By far my biggest concern, however, is trusting a highly politicised, ideological profession to dispassionately promote tolerance rather than encourage, even glorify, alternative lifestyles. Children are extremely impressionable and, generally speaking, will do almost anything to please adults, especially those, like teachers, in positions of power and authority. What wouldn’t my kids do to impress their teachers? What if one of these teachers insidiously convinces my son that he is gay or transgender? It’s not beyond the realms of possibility. After all, three generations of educators have convinced our children of the evils of capitalism, the Tory Party and now, more recently, the abomination that is Brexit. Indeed, going one step further, what better way to attack petit bourgeois capitalism than launch an assault upon its bulwark, the traditional family? Such a fear is neither outlandish nor unfounded.

And before you accuse me of being a conspiracy theorist, consider the following: a teacher turned whistle-blower recently exposed his/her school for tricking vulnerable children into believing that they were the wrong sex. Indeed, according to the whistle-blower, most of the 17 pupils in the process of changing gender at the school were autistic. Dr Joanna Williams, a university lecturer and author of the book Women vs Feminism, believes that schools are ‘sowing confusion about gender identity’ by ‘encouraging even the youngest children to question whether they are really a boy or a girl.’ This is extremely worrying. If true - and, as a teacher of 15 years, I have no reason to doubt the veracity of such claims - some teachers are abusing their positions to further some kind of warped, misguided political agenda. Would you trust them to dispassionately teach your children about LGBT relationships? I certainly wouldn’t.

And herein lies the problem. Too many schools believe they’re in the business of indoctrinating and socially engineering our children. They’re not, or, at least, they shouldn’t be. Until this simple fact is widely accepted and rectified, I’d rather teachers didn’t involve themselves in issues as sensitive as marriage and relationships, especially when one considers the age of many of them. They are young, na├»ve, inexperienced and armed with youthful idealism and a terrifying, burning sense of the new, politically correct morality. They are Corbyn’s shock troops.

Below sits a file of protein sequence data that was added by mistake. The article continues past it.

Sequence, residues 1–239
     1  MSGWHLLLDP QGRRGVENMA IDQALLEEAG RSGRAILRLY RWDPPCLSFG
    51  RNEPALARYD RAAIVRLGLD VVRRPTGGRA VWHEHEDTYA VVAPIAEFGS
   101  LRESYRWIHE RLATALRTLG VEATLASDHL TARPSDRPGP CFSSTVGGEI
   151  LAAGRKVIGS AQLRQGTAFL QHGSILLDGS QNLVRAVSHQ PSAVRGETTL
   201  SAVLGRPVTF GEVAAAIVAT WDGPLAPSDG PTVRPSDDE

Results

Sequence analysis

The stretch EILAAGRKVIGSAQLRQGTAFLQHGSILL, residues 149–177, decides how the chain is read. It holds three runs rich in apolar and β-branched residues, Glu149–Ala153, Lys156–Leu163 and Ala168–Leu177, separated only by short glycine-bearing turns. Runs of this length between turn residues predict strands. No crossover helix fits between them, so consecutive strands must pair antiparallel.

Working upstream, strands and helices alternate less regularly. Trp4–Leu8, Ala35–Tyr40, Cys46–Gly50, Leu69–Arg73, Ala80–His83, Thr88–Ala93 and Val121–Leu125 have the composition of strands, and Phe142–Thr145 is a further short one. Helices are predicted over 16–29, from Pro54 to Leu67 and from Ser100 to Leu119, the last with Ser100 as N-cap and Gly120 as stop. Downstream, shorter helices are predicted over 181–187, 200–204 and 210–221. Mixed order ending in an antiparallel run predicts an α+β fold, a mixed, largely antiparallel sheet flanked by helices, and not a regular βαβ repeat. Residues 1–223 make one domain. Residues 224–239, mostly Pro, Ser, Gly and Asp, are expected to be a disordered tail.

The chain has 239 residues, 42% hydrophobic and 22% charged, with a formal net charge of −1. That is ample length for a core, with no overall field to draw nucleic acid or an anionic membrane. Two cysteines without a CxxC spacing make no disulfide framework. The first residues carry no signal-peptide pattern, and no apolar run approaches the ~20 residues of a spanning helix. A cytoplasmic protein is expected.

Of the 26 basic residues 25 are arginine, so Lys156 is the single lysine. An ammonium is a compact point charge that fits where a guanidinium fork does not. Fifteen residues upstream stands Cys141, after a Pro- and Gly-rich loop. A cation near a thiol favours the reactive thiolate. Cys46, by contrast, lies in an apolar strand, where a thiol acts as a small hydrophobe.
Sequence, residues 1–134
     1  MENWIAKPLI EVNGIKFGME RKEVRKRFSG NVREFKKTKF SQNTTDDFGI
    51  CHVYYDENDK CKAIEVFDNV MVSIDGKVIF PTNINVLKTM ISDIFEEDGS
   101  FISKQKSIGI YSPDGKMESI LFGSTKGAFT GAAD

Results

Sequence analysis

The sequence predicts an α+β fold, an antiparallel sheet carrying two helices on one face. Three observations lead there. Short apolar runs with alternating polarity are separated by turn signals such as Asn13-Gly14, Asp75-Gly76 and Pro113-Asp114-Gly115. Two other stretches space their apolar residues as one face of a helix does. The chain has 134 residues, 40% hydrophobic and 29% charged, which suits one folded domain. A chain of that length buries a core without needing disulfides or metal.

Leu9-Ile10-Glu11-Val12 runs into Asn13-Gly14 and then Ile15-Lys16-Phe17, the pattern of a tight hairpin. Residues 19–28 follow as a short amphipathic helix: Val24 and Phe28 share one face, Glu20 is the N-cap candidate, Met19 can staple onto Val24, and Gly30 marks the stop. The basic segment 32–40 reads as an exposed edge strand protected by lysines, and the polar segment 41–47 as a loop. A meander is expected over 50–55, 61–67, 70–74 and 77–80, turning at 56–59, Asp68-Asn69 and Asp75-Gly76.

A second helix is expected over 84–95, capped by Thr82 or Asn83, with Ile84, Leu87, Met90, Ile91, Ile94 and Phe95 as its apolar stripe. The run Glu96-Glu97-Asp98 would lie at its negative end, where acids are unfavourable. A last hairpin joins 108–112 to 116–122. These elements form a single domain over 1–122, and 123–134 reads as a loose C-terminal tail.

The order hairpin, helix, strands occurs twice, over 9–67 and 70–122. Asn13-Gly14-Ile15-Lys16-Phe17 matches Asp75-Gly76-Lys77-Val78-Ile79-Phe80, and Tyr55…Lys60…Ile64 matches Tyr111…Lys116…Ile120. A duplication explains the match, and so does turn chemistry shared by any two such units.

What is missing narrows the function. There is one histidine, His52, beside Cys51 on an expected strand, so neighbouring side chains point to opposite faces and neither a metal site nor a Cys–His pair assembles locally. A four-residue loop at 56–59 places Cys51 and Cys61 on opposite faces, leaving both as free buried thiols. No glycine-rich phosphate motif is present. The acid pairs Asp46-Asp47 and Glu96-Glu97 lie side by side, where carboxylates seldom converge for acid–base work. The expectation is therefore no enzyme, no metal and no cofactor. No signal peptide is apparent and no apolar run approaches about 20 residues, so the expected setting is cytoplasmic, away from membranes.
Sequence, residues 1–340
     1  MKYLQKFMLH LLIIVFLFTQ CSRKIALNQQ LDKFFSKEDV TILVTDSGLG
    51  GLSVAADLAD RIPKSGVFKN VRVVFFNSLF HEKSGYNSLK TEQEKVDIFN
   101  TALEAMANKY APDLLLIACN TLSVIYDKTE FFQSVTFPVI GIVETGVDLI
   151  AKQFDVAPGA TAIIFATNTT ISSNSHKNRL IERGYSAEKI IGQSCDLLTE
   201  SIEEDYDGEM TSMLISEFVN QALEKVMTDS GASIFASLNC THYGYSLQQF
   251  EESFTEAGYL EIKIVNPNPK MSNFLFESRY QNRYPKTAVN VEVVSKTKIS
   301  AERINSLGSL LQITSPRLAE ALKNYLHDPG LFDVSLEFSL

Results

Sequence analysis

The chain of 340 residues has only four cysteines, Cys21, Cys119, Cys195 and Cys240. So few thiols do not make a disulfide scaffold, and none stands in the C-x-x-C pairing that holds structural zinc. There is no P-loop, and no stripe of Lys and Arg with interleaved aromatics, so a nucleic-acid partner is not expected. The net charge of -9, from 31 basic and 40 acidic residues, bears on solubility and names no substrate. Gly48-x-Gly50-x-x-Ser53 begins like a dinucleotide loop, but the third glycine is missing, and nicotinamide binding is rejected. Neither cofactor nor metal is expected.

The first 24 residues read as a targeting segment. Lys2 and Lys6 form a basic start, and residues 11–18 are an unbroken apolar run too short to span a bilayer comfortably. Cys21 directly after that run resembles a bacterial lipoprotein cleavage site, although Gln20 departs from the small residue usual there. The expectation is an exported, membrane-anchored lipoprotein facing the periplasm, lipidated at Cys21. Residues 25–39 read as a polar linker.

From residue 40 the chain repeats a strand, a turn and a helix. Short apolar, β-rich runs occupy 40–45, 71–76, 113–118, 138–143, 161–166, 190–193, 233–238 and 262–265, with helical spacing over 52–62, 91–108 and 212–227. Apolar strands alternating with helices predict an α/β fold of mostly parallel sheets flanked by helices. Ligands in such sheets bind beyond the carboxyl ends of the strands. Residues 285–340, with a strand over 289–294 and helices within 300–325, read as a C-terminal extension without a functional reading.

Dressing up the Anderton Park Primary School dispute as a conflict between progressive secularism and reactionary religious conservatism serves as a kind of displacement activity. By characterising the demonstrators as reactionaries and, by implication, extremists, the school - and its decision to promote equality through the introduction of books that feature same-sex couples and cross-dressing children -, being their antithesis, is naturally portrayed as moderate, reasonable and mainstream. Therefore, according to this narrative, there is nothing to discuss, apart from the intolerance of our more conservative religious communities. However, this couldn’t be further from the truth. Many people, including some that would consider themselves to be progressive and, dare I say it, even atheistic, are deeply troubled by the prospect of their children being exposed to such material. Indeed, the school’s position is neither moderate nor mainstream. It must be debated as a matter of urgency. 

1 comment:

  1. As a teacher (to take your line) of just under 15 years I have every reason to doubt the veracity of the claims. Especially in so far as is this a systemic problem with teachers teaching students about sexuality OR is the particular and disturbing instance you raise the case of a single predator. This is exactly what that is. It insinuates that the grooming of students by teachers for other nefarious acts is a symptom of physical education, religious education, school pastoral care, science teaching or whatever context that individual predator was employed as.
    I feel that schools (particularly public schools) are there to support but challenge the beliefs of our community with the students.